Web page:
Ahh the humble sweet potato – a seasonal favourite, making frequent appearances at holiday dinners and food-centric social gatherings alike. But is it a vegetable? Starch? Do it right and it might even be a dessert! It doesn’t matter so much how you categorize this nutritious food (though it is a starchy root veggie, for the record), what matters is that it is included (at least occasionally, but ideally fairly regularly) in your meals!
Offering a host of nutritional benefits (including antioxidant capacity and anti-inflammatory & blood sugar-regulating nutrients), sweet potatoes are a fantastic source of complex carbs and fibre. They are also high in B vitamins (namely, B6, 3, 2 & 1), vitamin C, and beta-carotene (which is converted to vitamin A in our bodies!). The intensity of the sweet potato’s yellow or orange flesh is directly correlated to its beta-carotene content – so I recommend choosing the deepest, darkest orange variety available. And as vitamin A is one of the fat soluble vitamins (ie. it is absorbed through the small intestine with dietary fat), to get the maximum benefit from this food include some fat in your sweet potato-containing meals – in this recipe I chose to use pecans.
As sweet potatoes are super versatile, readily available this time of year, and absolutely delicious, if you happen to find a good sale on these starchy root vegetables, why not buy extra! Consider trying them roasted, puréed, steamed, baked, or grilled. You could add them to soups or stews, bake small cubes as a salad topper, or purée the orange flesh to use as a crudité dip. Since cold temperature negatively alters their taste, if you won’t be using them right away, store your sweet potatoes in a cool dry place (such as in your pantry or below your stove).
Highlights of making this recipe:
- This recipe contains many ingredients you likely already have in your kitchen and the extra ingredients that you may need to purchase are typically inexpensive.
- Preparing this recipe takes under 15 minutes of prep time in the kitchen and the dish is ready to eat in under one hour.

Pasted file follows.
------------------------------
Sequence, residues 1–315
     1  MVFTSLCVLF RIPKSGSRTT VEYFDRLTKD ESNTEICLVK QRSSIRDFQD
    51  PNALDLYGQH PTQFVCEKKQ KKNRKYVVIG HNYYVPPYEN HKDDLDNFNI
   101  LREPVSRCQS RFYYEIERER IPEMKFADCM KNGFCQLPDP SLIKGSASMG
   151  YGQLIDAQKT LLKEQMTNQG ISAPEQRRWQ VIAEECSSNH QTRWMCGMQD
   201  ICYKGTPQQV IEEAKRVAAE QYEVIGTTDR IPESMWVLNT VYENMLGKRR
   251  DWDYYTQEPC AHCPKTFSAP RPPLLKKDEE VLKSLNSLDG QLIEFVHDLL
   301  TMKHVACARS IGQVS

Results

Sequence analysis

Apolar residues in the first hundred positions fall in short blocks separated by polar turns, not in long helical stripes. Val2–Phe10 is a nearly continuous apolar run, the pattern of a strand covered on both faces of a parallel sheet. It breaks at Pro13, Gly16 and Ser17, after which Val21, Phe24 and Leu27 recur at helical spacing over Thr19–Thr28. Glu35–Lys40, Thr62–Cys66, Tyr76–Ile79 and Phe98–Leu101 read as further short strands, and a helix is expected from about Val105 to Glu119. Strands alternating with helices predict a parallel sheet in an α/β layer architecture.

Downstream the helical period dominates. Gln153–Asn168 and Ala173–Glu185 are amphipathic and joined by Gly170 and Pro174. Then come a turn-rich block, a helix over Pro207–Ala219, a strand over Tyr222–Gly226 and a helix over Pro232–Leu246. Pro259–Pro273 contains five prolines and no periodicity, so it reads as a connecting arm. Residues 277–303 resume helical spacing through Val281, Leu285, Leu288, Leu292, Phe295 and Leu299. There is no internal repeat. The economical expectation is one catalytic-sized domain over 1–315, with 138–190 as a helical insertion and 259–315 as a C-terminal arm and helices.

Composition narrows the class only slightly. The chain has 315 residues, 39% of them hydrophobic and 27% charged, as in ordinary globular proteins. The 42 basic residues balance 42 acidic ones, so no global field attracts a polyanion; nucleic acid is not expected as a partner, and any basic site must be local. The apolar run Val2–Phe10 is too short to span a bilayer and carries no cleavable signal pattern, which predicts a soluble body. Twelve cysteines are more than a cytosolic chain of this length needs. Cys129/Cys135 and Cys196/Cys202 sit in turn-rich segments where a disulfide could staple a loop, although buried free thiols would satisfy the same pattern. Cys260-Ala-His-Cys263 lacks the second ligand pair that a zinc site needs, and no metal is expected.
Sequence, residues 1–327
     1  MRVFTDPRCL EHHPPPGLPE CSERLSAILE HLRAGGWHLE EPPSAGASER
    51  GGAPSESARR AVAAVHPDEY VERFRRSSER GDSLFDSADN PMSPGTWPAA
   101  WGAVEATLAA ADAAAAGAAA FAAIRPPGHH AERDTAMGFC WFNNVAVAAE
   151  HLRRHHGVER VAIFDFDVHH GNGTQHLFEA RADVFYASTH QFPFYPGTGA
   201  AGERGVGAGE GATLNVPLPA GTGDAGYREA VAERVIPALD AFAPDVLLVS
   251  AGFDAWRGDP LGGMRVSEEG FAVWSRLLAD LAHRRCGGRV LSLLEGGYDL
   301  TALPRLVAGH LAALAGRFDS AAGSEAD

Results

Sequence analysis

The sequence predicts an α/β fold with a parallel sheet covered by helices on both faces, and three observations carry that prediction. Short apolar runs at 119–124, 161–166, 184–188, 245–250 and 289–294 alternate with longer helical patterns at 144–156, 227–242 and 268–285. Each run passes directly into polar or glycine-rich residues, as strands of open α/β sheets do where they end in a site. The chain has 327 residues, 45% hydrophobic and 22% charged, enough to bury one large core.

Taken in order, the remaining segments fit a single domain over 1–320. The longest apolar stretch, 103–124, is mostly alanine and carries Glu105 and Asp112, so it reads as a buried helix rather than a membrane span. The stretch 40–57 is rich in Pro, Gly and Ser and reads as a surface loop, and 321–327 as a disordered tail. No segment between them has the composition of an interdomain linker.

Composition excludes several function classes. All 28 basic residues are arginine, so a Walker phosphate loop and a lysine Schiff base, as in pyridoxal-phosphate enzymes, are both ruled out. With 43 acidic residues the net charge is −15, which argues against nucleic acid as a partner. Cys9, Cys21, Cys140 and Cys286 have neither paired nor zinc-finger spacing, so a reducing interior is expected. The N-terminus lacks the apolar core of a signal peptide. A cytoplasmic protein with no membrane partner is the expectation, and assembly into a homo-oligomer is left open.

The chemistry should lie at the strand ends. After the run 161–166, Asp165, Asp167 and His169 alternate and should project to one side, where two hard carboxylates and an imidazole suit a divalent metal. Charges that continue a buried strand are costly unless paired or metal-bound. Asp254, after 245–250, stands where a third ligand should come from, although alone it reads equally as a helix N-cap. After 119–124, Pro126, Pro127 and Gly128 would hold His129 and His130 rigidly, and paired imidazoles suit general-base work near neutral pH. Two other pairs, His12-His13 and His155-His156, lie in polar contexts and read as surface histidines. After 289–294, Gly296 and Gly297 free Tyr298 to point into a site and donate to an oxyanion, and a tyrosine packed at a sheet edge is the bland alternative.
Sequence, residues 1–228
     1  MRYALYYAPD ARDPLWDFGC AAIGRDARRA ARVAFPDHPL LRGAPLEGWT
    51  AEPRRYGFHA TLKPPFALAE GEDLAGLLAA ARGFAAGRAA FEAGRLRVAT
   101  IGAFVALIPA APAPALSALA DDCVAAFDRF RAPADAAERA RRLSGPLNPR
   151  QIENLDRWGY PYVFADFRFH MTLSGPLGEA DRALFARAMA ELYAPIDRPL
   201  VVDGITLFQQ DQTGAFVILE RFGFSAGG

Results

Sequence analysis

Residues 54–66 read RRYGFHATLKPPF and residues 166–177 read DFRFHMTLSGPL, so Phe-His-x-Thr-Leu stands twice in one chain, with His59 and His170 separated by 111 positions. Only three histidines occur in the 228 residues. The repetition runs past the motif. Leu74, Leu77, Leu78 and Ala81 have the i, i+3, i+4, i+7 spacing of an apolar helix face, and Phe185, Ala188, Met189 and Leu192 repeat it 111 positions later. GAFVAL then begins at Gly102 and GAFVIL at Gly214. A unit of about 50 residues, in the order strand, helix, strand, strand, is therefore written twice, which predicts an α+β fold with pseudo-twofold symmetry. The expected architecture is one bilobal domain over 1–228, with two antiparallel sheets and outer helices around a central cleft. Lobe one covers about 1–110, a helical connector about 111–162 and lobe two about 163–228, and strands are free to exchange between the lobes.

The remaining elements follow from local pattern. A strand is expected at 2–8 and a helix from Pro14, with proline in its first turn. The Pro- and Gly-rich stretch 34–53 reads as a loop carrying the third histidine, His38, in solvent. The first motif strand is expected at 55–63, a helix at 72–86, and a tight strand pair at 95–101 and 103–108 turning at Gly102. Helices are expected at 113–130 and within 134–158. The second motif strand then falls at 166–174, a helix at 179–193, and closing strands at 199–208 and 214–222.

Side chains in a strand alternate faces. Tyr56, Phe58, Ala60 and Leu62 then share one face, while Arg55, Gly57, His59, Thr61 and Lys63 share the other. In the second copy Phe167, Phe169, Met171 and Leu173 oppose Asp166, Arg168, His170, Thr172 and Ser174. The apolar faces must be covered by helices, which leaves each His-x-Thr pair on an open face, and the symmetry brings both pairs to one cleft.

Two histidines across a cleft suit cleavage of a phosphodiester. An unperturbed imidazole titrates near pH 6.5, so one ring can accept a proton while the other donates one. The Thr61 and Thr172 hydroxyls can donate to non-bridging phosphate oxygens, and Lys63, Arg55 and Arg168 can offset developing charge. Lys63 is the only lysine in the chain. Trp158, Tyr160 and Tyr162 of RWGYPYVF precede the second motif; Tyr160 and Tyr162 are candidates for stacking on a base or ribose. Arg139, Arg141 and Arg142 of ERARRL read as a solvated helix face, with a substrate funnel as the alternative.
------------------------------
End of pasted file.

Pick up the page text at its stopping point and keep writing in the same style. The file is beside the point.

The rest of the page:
- The recipe is made using a single bowl so very minimal clean-up is required. And as the majority of dishes can be cleaned while the casserole is baking, it can be enjoyed fresh out of the oven.
- This casserole stores well in the refrigerator covered in it’s baking dish for up to five days, or can be stored in the freezer for several weeks.
This dish would be a fantastic, nutrient dense addition to your holiday meal, contributing nicely to balancing your macros (the recipe is low fat and sugar, and high fibre). It is also a great dish to bring to potluck style gatherings – be it a sit down meal, or a stand and socialize type of do. This nourishing, veggie based, dessert-like meal addition will likely become a favourite at the dinner or buffet table – a favourite that you can feel really good about enjoying.
Macros per 1/9 Recipe Serving
Protein: 7 g
Fat: 4.5 g
Carbohydrates: 53 g
Sugar: 2.5 g
Fibre: 8 g
Sweet Potato Casserole
- 5 second spritz Olive Oil Cooking Spray
- 3 1/2 lbs sweet potato cooked* and peeled**
- 1/4 cup sugar-free syrup
- 1 egg large
- 1 cup egg whites
- 1 tsp ground cinnamon
- 1/4 tsp ground nutmeg
- 1/4 tsp ground ginger
- 1/4 tsp Stevia
- 1/2 tsp fine sea salt
- 1 tbsp brown sugar packed
- 2 tbsp graham cracker crumbs
- 1/3 cup pecan pieces
- Preheat the oven to 350 Degrees Fahrenheit.
- Mist an 8 x 8-inch oven-safe baking dish with cooking spray.
- Using a potato masher, slotted spoon or large fork, roughly mash sweet potatoes.
- Add syrup, eggs, cinnamon, nutmeg, ginger, stevia and salt; stir mixture until fully combined (the potatoes should still be a little lumpy).
- Pour and evenly spread the sweet potato mixture in the prepared baking dish.
- Mix the brown sugar, graham cracker crumbs, and pecans; sprinkle over the potato mixture. Bake casserole until it begins to brown around the edges, 40-45 minutes.
- Portion casserole 3 x 3.